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Restricted Racing under the spotlight

Restricted race results will significantly distort the results of races and should not be  included in ANY of the championship logs for Breeders, Sires, Owners or Trainers 
These restricted races are a clever marketing ploy and must remain just that: an inducement to a sale and a good promo for racing.
Nowadays buyers are offered restricted races worth R3.5m, and at least three R2m events to which a US$1m race will soon be added. Buyers at these special sales will compete for stakes of over R20m in 5 races. All of these events are serialised with cross-qualification simply by going through a sale ring where one sale graduate could possibly win more than one of the events and maybe even all of them in one season. I can imagine how any winning trainer, breeder, sire and owner might find themselves crowned national champion on the strength of those wins. All of the national logs are vulnerable to gross distortion.  
Our racing program has highly competitive Gr1 races that are run for far lower stakes than the restricted races. Winners of these restricted races seldom, if ever, graduate to Gr1 level. The effect of allowing the results of those non-competitive “races” into the record as a measure of quality makes a mockery of our awards. The Equus formula needs attention anyway – who knows how they will write a formula to exclude the connections of these events from being crowned champion.
 This is best  illustrated by how ludicrous our stats will look by using the Owners log below.
 If the NHRA allowed a winner of two of the new sales promotional races to be added into the stats – a winner of those two races could conceivably be crowned Owner Of The Year by virtue of just one runner. Compare last season’s leading owner whose runners amassed R15.1m in 1078 races. We saw two partnerships listed at 7th and 8th position on the log through the ownership of real champions; Legislate and Yorker who won 3 Gr1 races apiece. How would we justify looking at the log and finding the 2nd leading owner with 2 runs, 2 wins and R9m to his credit?
Name Runs Wins Win % 2nd 3rd Other Place % Win Stakes Total Stakes
Mrs I Jooste & Mr M J Jooste 1078 146 13 125 89 196 51 9732500 15141200
Mr A L A Crabbia 854 103 12 88 76 137 47 4901250 7118888
Mr C J H Van Niekerk 437 67 15 54 43 64 52 3776562 5929838
Wilgerbosdrift (Pty) Ltd (Nom: Mrs M Slack) 250 37 14 36 35 37 58 3474200 5247450
Mr St John D Gray 468 40 8 57 53 76 48 2273812 3952288
Mrs S Plattner 490 52 10 53 47 98 51 2341875 3816425
Mr W J C Mitchell, Drakenstein Stud (Nom: Mrs G A Rupert) and Newbury Racing (Pty) Ltd (Nom: Mr D E Evans) 3 3 100 0 0 0 100 3718750 3718750
Messrs B Kantor, M J Jooste & F E J Lewis & Mrs I Jooste 7 3 42 1 1 1 85 3025000 3640000

It’s equally absurd that an otherwise unsuccessful trainer might become national champion trainer by fluking a horse th
at can win a series of restricted races. It would make a mockery of the hard work done by the chaps that support our industry with hundreds of top class runners throughout the year. Imagine Mike de Kock, Justin Snaith, Sean Tarry, Mike Bass or Dennis Drier having a bumper year winning the July and the Met and a few other Gr1 races and losing the championship to someone who got clever enough to find a horse at the Ready To Run sale that can do what the organisers aim to achieve; win a series of the huge bonus stakes on offer. Do we really want the winner of a series of restricted races to be crowned Horse Of The Year?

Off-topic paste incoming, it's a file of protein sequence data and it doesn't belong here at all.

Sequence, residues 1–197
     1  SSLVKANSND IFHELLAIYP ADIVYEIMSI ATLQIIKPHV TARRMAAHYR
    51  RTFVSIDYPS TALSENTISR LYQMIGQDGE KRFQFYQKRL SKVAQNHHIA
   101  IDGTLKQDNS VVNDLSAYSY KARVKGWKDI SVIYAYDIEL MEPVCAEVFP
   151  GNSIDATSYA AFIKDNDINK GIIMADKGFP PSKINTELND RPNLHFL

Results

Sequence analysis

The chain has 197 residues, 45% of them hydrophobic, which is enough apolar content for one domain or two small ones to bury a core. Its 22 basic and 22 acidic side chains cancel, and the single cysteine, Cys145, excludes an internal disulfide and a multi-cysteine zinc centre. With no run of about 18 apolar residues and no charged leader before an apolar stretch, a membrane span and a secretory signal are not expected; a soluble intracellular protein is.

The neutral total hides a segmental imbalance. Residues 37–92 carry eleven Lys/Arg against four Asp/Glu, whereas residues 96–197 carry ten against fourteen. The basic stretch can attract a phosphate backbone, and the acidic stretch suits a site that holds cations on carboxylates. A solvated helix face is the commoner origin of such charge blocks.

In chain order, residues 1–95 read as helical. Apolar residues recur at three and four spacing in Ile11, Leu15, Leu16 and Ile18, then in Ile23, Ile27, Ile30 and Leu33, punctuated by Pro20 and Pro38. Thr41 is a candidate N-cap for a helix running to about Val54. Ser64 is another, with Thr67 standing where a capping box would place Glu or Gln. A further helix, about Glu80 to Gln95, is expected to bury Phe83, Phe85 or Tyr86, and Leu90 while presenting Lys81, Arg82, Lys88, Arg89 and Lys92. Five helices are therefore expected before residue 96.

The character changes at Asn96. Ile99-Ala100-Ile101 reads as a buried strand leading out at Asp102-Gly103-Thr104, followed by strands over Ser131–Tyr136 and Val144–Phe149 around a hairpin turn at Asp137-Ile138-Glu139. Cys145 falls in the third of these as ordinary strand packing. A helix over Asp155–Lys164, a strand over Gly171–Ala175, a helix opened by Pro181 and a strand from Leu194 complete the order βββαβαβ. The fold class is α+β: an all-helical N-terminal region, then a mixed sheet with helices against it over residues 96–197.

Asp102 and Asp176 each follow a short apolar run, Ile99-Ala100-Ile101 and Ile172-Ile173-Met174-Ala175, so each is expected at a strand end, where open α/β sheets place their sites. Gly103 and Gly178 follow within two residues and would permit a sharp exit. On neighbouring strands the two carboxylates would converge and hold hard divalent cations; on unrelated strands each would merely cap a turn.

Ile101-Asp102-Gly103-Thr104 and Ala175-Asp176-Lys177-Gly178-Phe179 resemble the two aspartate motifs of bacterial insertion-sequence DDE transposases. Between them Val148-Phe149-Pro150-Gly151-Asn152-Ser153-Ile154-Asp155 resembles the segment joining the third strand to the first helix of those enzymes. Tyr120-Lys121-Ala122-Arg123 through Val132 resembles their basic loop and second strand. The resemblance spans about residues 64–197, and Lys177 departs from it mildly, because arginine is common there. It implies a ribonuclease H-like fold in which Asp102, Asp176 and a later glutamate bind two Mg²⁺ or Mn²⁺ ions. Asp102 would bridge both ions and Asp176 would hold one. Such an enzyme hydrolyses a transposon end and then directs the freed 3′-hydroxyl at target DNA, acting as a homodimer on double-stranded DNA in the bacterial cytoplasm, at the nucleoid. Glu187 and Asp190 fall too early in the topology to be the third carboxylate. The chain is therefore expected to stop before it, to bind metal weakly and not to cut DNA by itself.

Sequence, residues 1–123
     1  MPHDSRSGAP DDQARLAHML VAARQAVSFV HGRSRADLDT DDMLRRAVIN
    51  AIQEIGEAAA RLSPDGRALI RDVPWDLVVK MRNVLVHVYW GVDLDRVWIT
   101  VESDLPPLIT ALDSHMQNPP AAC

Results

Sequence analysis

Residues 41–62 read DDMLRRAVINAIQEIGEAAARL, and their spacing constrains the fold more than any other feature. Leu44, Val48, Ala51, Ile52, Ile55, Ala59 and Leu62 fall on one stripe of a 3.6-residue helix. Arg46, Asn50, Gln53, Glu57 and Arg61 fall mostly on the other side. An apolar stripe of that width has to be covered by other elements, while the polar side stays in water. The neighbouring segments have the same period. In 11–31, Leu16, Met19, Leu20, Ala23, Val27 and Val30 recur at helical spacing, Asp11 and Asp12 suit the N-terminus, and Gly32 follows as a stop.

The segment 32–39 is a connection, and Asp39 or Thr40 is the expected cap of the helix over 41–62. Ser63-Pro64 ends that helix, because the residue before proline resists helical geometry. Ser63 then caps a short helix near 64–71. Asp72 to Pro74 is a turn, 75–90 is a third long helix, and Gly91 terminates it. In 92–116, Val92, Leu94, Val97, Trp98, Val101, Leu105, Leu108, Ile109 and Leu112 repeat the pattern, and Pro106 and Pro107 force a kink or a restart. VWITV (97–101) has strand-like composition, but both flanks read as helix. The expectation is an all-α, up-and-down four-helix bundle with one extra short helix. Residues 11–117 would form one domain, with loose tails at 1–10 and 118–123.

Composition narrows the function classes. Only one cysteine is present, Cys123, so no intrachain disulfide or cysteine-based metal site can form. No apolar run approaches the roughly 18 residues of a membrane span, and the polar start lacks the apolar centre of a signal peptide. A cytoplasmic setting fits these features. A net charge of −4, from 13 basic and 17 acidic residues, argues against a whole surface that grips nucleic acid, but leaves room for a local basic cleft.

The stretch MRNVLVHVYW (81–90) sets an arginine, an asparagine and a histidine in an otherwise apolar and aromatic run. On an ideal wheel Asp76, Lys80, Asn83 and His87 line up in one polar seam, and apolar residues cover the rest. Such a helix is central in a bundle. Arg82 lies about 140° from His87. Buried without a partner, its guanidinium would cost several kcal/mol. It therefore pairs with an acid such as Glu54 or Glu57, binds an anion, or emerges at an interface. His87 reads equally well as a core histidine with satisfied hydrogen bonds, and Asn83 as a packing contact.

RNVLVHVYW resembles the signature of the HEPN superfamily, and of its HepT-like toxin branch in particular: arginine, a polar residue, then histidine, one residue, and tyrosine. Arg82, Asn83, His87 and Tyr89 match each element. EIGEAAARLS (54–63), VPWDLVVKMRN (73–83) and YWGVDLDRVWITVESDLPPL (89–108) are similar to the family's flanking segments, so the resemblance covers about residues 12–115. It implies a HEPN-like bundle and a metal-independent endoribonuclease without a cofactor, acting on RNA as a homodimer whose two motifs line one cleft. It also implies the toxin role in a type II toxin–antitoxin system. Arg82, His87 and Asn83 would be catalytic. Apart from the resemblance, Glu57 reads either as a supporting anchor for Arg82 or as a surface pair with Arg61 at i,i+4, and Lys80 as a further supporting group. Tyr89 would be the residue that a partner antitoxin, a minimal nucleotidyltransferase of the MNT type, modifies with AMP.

What if anyone bought a bunch of the best youngsters at the $1m sale and entered them on all of the Bonus Stake sales and found a horse that could win all of the added stakes. Even if he never won a listed race he’d go on record as the highest earner in the history of SA.
We all know that restricted races can be manipulated by reoffering a suitable candidate at all of the “bonus sales” and buying them as qualifying candidates. We have already seen horses being reoffered and bought back for this purpose. Official acknowledgement of this type of practice could lead to all sorts of manipulation. Imagine that I find a rich investor from the East who fancies his stallion’s name in highlights. We conspire to set up a race for progeny of that sire (or any group of sires) the value of which would make the sire an overnight “champion” – how would the NHRA stop that from happening? It’s not as preposterous as it sounds.
Anti-competitive practice is poison to the integrity of our industry, especially in a business like ours where the main aim, beyond profit, has always been the pursuit of excellence beyond cost. We must all support free enterprise in racing and races restricted to sales or specific events are a fait-accompli but as restricted events they must not distort the outcome of championships and accurate and open record keeping.
I know all too well how restricted races can distort stallion logs. Some years ago Jallad lost the sire championship by a mere R50,000 because of an end of season addition of a R250,000 low division “Challenge Race” that distorted the stats in the last weekend of the season. Including these restricted events could mean that anyone could buy a result. 
In USA they used the term (R) to mark restricted races and they were not included in stats. But in USA there is no restricted race run for more money than their Gr1 races. Canadian racing is considered backward because many of their big races are restricted to Canadian horses to protect their industry from being raided by USA runners. At least their races are restricted to ALL Canadian horses. Ours are restricted to a small percentage of horses sold at a particular sale.
If the NHRA are bullied into allowing restricted results into statistics I assure you that a new set of statitics will be kept for posterity. The purist campaign won’t end there either. We may even see alternate awards ceremonies etc.